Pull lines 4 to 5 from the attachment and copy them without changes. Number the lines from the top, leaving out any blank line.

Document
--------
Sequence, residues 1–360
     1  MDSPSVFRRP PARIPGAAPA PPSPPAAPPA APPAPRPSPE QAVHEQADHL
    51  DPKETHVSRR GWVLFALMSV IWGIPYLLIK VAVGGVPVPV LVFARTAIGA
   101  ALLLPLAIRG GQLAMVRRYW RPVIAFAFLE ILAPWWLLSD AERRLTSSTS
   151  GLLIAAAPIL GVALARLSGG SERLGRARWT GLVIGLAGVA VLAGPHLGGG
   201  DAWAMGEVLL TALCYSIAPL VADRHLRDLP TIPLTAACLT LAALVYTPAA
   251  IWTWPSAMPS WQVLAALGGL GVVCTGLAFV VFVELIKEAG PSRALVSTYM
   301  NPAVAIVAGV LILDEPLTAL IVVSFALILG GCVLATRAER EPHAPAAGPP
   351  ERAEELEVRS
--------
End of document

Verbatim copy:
   101  ALLLPLAIRG GQLAMVRRYW RPVIAFAFLE ILAPWWLLSD AERRLTSSTS
   151  GLLIAAAPIL GVALARLSGG SERLGRARWT GLVIGLAGVA VLAGPHLGGG